Supportive Care in Cancer

, Volume 19, Issue 8, pp 1117–1124 | Cite as

Long-term quality of life after radical prostatectomy in wives of men in the postoperative adjuvant androgen deprivation trial

  • Katherine Regan Sterba
  • Richard J. Swartz
  • Karen Basen-Engquist
  • Peter C. Black
  • Curtis A. Pettaway
Original Article

Abstract

Purpose

We examined quality of life in spouses of men in the Post-Adjuvant Androgen Deprivation trial after radical prostatectomy.

Methods

Men at high risk of prostate cancer recurrence were randomized to receive androgen deprivation therapy or observation. Forty-three couples completed telephone interviews every 6 months for 2 years assessing women’s mood disturbance, mental and physical health, and sexual function and bother as well as men’s symptoms and sociodemographic and marital variables. We used linear mixed modeling to explore relationships between wives’ quality of life and time, treatment group, and men’s symptoms.

Results

Women’s mental health functioning improved over time (p < 0.05). Furthermore, women with husbands in the observation group had worse mood disturbance (p = 0.01) and poorer mental health (p = 0.02) than women with husbands in treatment. Men’s symptoms were associated with worse physical health in wives (p = 0.02). Women also reported worse sexual function at 18 and 24 months compared with baseline (p = 0.02), but ratings of sexual bother were unrelated to time, treatment, and symptoms.

Conclusions

These exploratory results are consistent with research demonstrating that spousal cancer-related distress decreases over time. Treatment group differences suggest that an examination of caregiving in the context of uncertainty is warranted. Also, the physical burden of caregiving may intensify when men have more symptoms. To inform interventions, future studies should clarify how treatment and symptoms influence wives’ distress by examining expectations and communication.

Keywords

Prostate cancer Quality of life Partners Symptoms 

Notes

Acknowledgments

Patients in the PAAD Trial received free study drug from TAP Pharmaceutical (Lake Forest, IL, USA), AstraZeneca (Wilmington, DE, USA), or Schering Plough (Kenilworth, NJ, USA). First author’s work was supported by an NCI Cancer Prevention and Control Training Program, Center for Health Promotion and Prevention Research, University of Texas-Houston School of Public Health–National Cancer Institute/NIH Grant #2R25CA57712. Second author’s work was supported by an NCI K07 career development award (K07 CA113641). Fourth author’s work was supported by an NIH T32 Training Grant (CA079449) and an American Urological Association Foundation Scholarship.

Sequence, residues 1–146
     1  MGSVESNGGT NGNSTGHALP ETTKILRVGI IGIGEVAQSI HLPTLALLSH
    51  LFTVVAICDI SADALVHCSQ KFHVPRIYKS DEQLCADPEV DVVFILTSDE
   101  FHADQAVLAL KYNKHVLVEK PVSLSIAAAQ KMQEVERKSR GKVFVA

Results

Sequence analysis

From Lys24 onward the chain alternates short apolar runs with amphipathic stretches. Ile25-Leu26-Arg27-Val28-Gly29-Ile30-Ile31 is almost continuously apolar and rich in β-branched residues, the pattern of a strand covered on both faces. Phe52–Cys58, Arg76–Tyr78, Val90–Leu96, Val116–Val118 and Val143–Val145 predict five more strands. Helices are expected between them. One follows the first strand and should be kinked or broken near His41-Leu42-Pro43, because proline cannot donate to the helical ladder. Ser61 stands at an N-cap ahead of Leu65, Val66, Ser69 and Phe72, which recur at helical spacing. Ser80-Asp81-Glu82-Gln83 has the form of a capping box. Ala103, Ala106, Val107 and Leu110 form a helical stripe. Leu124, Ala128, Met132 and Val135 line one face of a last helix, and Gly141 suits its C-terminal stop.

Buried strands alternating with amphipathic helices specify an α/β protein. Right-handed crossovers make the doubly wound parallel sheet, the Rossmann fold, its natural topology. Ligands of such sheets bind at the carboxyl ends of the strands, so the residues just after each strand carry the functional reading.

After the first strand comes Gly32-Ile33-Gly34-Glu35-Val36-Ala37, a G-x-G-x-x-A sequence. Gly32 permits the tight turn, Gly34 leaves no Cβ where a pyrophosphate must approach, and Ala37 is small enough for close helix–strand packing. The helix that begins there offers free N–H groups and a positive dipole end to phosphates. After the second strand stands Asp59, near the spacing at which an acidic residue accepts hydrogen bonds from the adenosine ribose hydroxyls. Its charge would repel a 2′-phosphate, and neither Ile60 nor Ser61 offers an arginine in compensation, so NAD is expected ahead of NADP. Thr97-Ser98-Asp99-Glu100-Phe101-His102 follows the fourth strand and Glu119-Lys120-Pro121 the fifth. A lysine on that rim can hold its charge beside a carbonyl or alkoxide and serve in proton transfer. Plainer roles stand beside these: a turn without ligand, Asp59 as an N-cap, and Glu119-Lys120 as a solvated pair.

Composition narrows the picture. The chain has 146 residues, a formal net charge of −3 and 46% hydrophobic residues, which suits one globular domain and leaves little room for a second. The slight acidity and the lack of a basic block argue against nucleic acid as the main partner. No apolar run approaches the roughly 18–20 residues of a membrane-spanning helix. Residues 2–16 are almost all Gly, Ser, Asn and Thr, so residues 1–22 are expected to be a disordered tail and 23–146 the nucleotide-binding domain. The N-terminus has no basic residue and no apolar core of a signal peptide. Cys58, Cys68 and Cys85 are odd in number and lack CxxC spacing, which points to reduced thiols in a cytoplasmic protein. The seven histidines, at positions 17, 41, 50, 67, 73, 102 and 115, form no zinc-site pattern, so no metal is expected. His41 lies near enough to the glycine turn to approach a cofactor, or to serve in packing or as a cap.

The authors wish to thank Dr. Jane G. Zapka for her comments on this manuscript.

Conflict of interest

The authors do not have a conflict of interest to report. We have full control of all primary data and agree to allow the journal to review the data if requested.

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Copyright information

© Springer-Verlag 2010

Authors and Affiliations

  • Katherine Regan Sterba
    • 1
  • Richard J. Swartz
    • 2
  • Karen Basen-Engquist
    • 3
  • Peter C. Black
    • 4
  • Curtis A. Pettaway
    • 5
  1. 1.Department of Medicine, Division of Biostatistics and EpidemiologyMedical University of South CarolinaCharlestonUSA
  2. 2.Department of BiostatisticsThe University of Texas MD Anderson Cancer CenterHoustonUSA
  3. 3.Department of Behavioral ScienceThe University of Texas MD Anderson Cancer CenterHoustonUSA
  4. 4.Department of Urologic SciencesUniversity of British ColumbiaVancouverCanada
  5. 5.Department of UrologyThe University of Texas MD Anderson Cancer CenterHoustonUSA

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